Presentation on theme: "PRESENT PERFECT The Present Perfect Tense is formed by 2 things: the auxiliary verb HAVE and HAS the PAST PARTICIPLE. For irregular verbs, use the participle."— Presentation transcript:
PRESENT PERFECT The Present Perfect Tense is formed by 2 things: the auxiliary verb HAVE and HAS the PAST PARTICIPLE. For irregular verbs, use the participle form (see list of irregular verbs, 3rd column). For regular verbs, just add “ed”.list of irregular verbs For Example… She has worked in that office for six years. auxiliary + past participle
PRESENT PERFECT Here are some more examples! I have already eaten breakfast. She has seen that movie before. We have dealt with customers for many years. In these examples the past participle has an irregular form. Just like the lists you’ve been studying
PRESENT PERFECT She has used a cash register before. He has worked for that company since May. We have already served their food. In these examples the past participle has a regular form and looks just the simple past tense, but it’s not.
PRESENT PERFECT We often use CONTRACTIONS with this tense. »I have I’ve »You have You’ve »We have We’ve »They have They’ve »He has He’s »She has She’s »It has It’s I have lived in Florida for two years. I’ve lived in Florida for two years
PRESENT PERFECT Positive NegativeInterrogative I/you/we/they I have spoken I haven’t spoken Have I spoken? He/she/it He has spoken He hasn’t spoken Has he spoken?
PRESENT PERFECT We use the present perfect simple to express an action that began in the past until now
PRESENT PERFECT Muse hasn’t seen his uncle for 8 years. I have worked here for five years. She has lived here for twenty years. They have been married for six months. I have lived in New York for ten years For: When talking about the length of time (duration), we use the present perfect with for + a period of time.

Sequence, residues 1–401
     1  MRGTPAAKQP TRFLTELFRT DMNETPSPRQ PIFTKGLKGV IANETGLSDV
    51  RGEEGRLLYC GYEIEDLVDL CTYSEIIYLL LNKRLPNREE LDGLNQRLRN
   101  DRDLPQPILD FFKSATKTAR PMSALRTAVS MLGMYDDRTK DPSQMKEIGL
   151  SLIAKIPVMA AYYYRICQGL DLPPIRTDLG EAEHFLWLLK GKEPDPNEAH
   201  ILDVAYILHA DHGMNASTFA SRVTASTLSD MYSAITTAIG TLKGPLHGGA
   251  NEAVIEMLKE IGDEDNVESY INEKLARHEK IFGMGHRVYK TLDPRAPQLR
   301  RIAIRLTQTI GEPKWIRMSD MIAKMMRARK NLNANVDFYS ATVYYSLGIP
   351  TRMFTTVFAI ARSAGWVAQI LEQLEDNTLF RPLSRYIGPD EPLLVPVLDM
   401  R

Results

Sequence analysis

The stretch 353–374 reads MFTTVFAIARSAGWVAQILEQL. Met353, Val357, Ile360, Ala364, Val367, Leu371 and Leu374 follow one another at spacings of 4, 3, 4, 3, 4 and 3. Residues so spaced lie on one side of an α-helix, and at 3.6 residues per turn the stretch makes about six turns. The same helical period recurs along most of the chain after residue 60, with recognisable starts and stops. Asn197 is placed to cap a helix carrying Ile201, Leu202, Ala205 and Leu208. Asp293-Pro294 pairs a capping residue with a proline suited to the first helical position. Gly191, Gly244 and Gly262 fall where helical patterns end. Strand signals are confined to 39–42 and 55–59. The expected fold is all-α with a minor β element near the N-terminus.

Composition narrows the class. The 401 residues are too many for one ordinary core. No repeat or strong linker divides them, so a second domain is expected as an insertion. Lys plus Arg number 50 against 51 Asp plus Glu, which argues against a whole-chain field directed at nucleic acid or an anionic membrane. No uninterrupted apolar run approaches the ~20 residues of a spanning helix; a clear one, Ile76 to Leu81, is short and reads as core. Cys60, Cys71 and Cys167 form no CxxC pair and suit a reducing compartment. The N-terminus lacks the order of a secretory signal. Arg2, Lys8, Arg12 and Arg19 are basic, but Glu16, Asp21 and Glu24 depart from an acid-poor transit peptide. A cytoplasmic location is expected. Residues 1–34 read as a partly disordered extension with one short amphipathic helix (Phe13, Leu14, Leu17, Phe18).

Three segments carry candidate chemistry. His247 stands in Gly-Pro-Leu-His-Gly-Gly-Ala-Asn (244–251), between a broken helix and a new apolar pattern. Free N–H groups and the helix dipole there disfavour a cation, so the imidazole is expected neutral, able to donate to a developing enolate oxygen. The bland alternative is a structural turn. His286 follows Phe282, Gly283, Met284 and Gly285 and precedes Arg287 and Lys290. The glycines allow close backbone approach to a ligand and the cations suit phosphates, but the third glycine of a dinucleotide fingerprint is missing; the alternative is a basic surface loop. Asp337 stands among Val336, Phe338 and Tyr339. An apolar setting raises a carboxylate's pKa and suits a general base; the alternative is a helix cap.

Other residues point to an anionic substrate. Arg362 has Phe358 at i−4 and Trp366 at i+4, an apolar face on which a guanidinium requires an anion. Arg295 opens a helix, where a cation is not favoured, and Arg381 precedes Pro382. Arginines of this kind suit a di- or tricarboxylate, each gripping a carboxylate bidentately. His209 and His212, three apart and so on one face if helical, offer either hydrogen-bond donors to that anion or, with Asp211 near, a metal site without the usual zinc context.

PRESENT PERFECT Mr. Shukurov has taught Turkish for 5 years. Mr. Yildiz has been our Biology teacher for 3 years
PRESENT PERFECT oI haven’t visited my aunt since 1985. oElvin has studied in this school since 2001. oI have lived here since 1998. oThey have been married since June. oWe have been at this school since last year. Since: When talking about a starting point, we use the present perfect with since + a point in time.
PRESENT PERFECT We use present perfect simple to express an action happened in the past but result is in the present
PRESENT PERFECT He has broken his leg. She has had a baby. It is sweet.
PRESENT PERFECT Look! Everywhere is white. It has snowed.
PRESENT PERFECT We use the present perfect to talk about our experience. We talk about past action in unfinished period of time
PRESENT PERFECT I have eaten Chinese food. I have never seen Akhdamar Island. I have never driven a lorry. Akim has never had a serious accident
PRESENT PERFECT We use present perfect to say how many times I have gone somewhere or tried something or done something …etc in my life.
PRESENT PERFECT I have been to New York two times.
PRESENT PERFECT I have phoned him twice today. Scientists have gone to the moon two times this century.
PRESENT PERFECT I have read 50 pages this week. Ozal has gone home once this month. It has snowed only two times this year
PRESENT PERFECT We use present perfect to talk about the recent past in sentences with just. (acabar de…)
PRESENT PERFECT Shahin has just won the competition.
PRESENT PERFECT We use the present perfect with the following adverbs (ever, never, already, yet, still…) 'Ever' ( alguna vez) and 'never' (nunca) are always placed before the past participle. Ex: Has she ever met someone famous? I have never visited London. I’ve never been so sick. Already (ya) can be placed before the main verb (past participle) or at the end of the sentence. Ex: I have already seen the movie. I have seen the movie already. Have you already seen the movie? Have you seen the movie already?
PRESENT PERFECT Still (todavía) before the auxiliary in negative sentences.(Emphatic use!) Ex: They still haven’t finished. Yet (todavía) at the end of the sentence. EX: They haven’t finished yet
PRESENT PERFECT When we want to ask a question about something that happened at any time before now, we say: Have you ever….? Have you ever worked at a job you really loved? Has she ever worked at a job she really hated? Have they ever used a cash register? Have you ever supervised other employees? The short answer is… Yes, I have. Yes, she has. No, I haven’t No, she hasn’t